Australia in 2022 and thereafter may be giving America a run for its money in being the new “Land of Opportunity” for overseas persons looking to explore their ambitions and secure prospective employment. It is no secret that Australia is suffering from significant skill shortages across quite a few sectors and occupations. The National Skills Commission released its ‘2022 Skills Priority List Key Finding Report’ where the data demonstrated that the current labour market has been inhibited by a lack of workers available rather than unemployment, which is at its lowest since the 70’s. The research exposed 286 occupations that were experiencing shortages at a national level, compared to almost half this figure at 153 occupations this time last year.
The shortages were found in the occupation groups listed below in order of largest shortage:
- Professional occupations – majority of the shortages were found within the education and health care sectors including occupations such as Registered Nurse, Primary School Teacher and Secondary School Teacher.
- Technicians and Trades Workers – This included occupations such as Electrician (General), Carpenter, Chef and Motor Mechanic (General).
- Other occupation groups – This included occupations such as Machinery Operator, Aged Carer, Disability Carer and Child Care Worker.
The Australian Labor party have recognised the importance of migration and its effectiveness in addressing the significant skill shortages. With the problem having almost doubled in size and the Labor party’s takeover this year, the Australian government are prioritising this issue through a range of means. There has been discussion in the political sphere of the creation of new skilled visa programs and even the revamping of existing ones.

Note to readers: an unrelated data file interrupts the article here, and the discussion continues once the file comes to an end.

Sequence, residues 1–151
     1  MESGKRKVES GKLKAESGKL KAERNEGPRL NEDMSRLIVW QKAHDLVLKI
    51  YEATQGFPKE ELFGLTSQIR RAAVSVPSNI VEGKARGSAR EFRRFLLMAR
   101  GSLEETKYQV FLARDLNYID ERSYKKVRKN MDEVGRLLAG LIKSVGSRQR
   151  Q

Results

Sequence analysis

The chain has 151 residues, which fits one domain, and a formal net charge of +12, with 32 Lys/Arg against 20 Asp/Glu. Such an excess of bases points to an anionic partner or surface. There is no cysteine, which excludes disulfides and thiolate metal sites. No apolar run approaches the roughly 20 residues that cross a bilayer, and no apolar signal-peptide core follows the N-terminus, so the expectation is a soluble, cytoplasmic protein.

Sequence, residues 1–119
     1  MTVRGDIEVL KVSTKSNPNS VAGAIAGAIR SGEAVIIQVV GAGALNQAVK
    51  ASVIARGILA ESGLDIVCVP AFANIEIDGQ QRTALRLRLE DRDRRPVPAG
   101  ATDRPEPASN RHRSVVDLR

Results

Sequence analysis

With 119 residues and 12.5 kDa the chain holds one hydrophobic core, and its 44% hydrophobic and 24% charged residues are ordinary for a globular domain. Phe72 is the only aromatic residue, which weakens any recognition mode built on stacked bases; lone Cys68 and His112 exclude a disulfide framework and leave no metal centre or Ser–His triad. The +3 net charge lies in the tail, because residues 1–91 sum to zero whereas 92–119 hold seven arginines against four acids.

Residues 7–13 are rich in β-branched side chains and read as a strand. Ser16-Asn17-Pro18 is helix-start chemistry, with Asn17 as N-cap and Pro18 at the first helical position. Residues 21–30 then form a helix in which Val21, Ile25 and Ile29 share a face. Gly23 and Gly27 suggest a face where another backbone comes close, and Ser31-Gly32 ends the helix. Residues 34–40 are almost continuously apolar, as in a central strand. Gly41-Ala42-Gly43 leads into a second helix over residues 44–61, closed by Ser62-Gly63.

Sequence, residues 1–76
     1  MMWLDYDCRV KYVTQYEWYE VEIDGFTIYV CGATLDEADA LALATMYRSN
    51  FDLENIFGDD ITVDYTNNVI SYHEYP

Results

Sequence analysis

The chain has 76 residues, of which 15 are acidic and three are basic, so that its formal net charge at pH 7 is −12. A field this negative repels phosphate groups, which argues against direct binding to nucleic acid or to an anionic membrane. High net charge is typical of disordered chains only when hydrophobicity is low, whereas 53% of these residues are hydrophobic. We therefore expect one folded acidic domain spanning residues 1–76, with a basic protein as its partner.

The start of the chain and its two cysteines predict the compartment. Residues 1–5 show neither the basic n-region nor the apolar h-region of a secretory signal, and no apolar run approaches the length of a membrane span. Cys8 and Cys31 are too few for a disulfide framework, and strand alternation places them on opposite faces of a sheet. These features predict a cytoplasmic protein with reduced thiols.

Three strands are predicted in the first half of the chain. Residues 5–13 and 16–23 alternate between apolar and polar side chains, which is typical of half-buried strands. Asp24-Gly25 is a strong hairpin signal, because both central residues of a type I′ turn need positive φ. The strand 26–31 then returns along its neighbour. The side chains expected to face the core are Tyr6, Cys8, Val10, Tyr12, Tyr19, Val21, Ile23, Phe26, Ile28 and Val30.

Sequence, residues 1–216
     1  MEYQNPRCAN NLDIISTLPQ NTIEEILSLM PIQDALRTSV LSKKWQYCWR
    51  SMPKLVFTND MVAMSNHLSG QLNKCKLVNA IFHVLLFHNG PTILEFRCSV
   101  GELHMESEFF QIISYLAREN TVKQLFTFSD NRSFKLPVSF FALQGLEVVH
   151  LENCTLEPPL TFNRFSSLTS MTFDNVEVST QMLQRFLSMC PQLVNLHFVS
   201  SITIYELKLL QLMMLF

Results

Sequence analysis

However, most notable of late has been the re-directing of resources to the Department of Home Affairs to focus on the processing of existing and new applications. Most notably evident in the TSS (subclass 482) visa program with 25% of applications processed within a month. With a significant backlog of more than 1 million (non-humanitarian) visa applications before the May federal election, Immigration Minister Andrew Giles has since revealed that the backlog now sits at around 880,000 applications. The reduction was made possible via the $36 million budget directed to the Department to hire 500 extra staff over nine months in order to lower visa-processing times, in a refocus on Australia’s migration as a tool to combat a number of issues, including the skill shortages. Visa applications that have waited in abeyance for finalised processing can see this as comforting news and evidence of action.
If you have any questions about any type of visas please feel free to contact Nevett Ford Lawyers:
Nevett Ford Lawyers Melbourne
Telephone: +61 3 9614 7111
Visit our website: www.nevettford.com.au